The coronial inquest into the disappearance of William Tyrrell is set to return to the Taree Courthouse in November as Deputy State Coroner Harriet Grahame said it was "just scratching the surface".
The third round of week-long hearings of the coronial inquest into the disappearance of William Tyrrell commenced at Taree Courthouse on Monday, August 19.
William Tyrrell went missing from his foster grandmother's home at Benaroon Drive, Kendall on September 12, 2014. He was wearing a Spiderman suit at the time.
Counsel assisting the coroner Gerard Craddock today continued to extensively question Kendall resident Paul Savage over his movements before and after William went missing.
The court heard the 75-year-old told police in a statement on March 16, 2016, that he had seen two vehicles parked at Batar Creek Road on September 10, two days before William went missing.
Mr Craddock asked Mr Savage why he hadn't told police the information about the vehicles in his first statement which he gave on September 25, 2014.
"I told someone... it might of been the police... I don't know I can't remember," Mr Savage said in response.
Over the last three days, Mr Savage has consistently reaffirmed to Mr Craddock that his memory of the events are now somewhat cloudy.
The court also heard Mr Savage didn't join the organised search effort on September 13.
"You say in your statement you woke up at 6am and instead of going for your usual daily walk, you grabbed your swimming pool net and went off searching," Mr Craddock said.
The court heard Mr Savage searched the creek at the back on his property, a dam and other water holes in the area.
Mr Savage's lawyer Chris McGorey asked him how his memory rates now compared to the last five years.
"Not real good," Mr Savage said in response.
Mr Craddock said on Thursday, August 22 the reason why this part of the inquest was at Taree was "because it's more convenient for people who live in this neck of the woods".
The proceedings however, have been impacted by a number of delays and technical issues.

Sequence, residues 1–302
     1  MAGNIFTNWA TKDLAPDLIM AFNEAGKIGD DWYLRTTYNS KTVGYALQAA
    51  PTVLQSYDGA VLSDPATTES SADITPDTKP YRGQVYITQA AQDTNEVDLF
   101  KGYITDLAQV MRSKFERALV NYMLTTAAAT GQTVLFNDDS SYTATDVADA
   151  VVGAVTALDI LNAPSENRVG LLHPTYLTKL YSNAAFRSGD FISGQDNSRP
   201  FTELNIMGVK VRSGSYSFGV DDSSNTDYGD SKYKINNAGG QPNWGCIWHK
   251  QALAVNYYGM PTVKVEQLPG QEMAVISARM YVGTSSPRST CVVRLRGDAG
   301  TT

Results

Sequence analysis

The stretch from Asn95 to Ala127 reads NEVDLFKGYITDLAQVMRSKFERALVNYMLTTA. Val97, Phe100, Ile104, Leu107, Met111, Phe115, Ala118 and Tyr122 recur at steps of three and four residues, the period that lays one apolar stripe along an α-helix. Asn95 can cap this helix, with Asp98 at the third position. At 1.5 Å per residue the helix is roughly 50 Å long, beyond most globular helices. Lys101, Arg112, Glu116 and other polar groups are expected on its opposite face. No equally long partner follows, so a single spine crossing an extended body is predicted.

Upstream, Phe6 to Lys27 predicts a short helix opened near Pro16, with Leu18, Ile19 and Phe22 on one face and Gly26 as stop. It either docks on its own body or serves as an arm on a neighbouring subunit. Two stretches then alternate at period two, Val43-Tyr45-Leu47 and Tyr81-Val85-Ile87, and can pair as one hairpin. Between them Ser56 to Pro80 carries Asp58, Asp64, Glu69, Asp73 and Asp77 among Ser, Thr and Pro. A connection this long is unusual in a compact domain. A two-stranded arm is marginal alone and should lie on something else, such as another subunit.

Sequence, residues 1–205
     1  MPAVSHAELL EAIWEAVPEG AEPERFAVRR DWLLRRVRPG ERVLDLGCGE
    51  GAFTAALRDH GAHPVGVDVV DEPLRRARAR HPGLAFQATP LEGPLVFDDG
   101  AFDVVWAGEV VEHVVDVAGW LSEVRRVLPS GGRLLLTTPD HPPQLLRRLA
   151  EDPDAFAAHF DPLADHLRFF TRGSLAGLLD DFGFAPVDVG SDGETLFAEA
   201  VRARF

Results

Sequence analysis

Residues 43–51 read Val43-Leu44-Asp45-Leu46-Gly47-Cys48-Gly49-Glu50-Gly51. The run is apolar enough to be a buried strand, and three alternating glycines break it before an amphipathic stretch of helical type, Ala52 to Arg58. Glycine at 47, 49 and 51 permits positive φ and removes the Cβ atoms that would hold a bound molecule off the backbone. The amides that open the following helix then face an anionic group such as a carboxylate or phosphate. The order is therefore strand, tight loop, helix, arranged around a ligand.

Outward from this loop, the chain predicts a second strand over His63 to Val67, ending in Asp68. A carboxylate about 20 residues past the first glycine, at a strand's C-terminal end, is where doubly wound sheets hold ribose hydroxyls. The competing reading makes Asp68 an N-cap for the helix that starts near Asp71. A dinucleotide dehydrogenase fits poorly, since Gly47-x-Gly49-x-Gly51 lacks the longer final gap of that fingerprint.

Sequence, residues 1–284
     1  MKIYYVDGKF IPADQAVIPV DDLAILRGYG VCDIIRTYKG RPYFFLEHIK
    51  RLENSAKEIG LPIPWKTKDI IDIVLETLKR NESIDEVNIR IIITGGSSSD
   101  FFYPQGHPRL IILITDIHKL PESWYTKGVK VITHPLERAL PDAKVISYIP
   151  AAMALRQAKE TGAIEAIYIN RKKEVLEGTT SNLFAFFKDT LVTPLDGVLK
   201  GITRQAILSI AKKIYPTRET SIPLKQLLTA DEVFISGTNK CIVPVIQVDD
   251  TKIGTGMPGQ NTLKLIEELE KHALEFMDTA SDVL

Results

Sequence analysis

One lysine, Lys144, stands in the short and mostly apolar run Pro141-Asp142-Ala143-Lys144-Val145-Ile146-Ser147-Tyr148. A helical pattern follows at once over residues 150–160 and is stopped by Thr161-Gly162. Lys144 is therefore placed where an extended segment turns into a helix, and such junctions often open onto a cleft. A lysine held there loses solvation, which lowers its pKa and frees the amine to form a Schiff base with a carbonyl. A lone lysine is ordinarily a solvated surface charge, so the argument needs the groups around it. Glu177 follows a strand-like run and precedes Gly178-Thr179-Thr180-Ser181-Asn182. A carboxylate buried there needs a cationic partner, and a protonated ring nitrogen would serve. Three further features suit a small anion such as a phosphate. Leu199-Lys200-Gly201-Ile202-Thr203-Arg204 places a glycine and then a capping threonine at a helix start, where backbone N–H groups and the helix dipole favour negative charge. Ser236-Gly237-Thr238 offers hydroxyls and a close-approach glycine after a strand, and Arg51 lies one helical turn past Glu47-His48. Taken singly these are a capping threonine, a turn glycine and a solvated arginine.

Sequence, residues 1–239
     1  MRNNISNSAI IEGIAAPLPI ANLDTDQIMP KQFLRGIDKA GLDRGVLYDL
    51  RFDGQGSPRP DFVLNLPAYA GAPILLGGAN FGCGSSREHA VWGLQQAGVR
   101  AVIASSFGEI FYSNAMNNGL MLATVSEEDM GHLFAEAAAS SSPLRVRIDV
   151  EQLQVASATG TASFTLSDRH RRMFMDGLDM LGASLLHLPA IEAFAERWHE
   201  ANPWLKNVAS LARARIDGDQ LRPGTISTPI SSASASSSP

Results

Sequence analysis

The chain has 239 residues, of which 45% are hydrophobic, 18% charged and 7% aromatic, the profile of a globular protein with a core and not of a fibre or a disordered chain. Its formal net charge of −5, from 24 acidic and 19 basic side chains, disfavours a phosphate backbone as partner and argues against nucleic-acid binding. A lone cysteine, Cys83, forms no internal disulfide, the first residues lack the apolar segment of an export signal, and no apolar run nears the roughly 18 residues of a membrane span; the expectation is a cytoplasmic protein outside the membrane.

On Wednesday, August 21 the inquest finished after 30 minutes after hearing from one witness.
On Thursday, August 22 there was a technical issue with a video shown in the courtroom of Kendall resident Paul Savage's walk through with police to piece together his version of events on the day William disappeared. It delayed the inquest for more than 45 minutes.
More than 54 people were on the list to present evidence to Ms Grahame.
Over the last five days the inquest has heard from Detective Sergeant Laura Beacroft, Beneroon Drive resident Paul Savage and briefly from former Laurieton residents Angela Eschler and Gordon Wiegold.
The inquest at Taree was expected to hear from a number of other witnesses including Bill and Margaret Spedding, Elizabeth Rowley and Tony Jones.
On Thursday, August 22, Ms Grahame addressed the inquest and said "there is so much to do" and while the inquest is "just scratching the surface", acknowledged the delays were "frustrating" for William's family.
"There is court time we are no longer going to use," she said.
All of the evidence collected by Strike Force Rosann is being presented before Ms Grahame who will determine if the three-year-old did succumb to the rugged bushland around his grandmother's home, or was abducted by someone.
A $1 million reward remains in place for information leading to the return or recovery of William.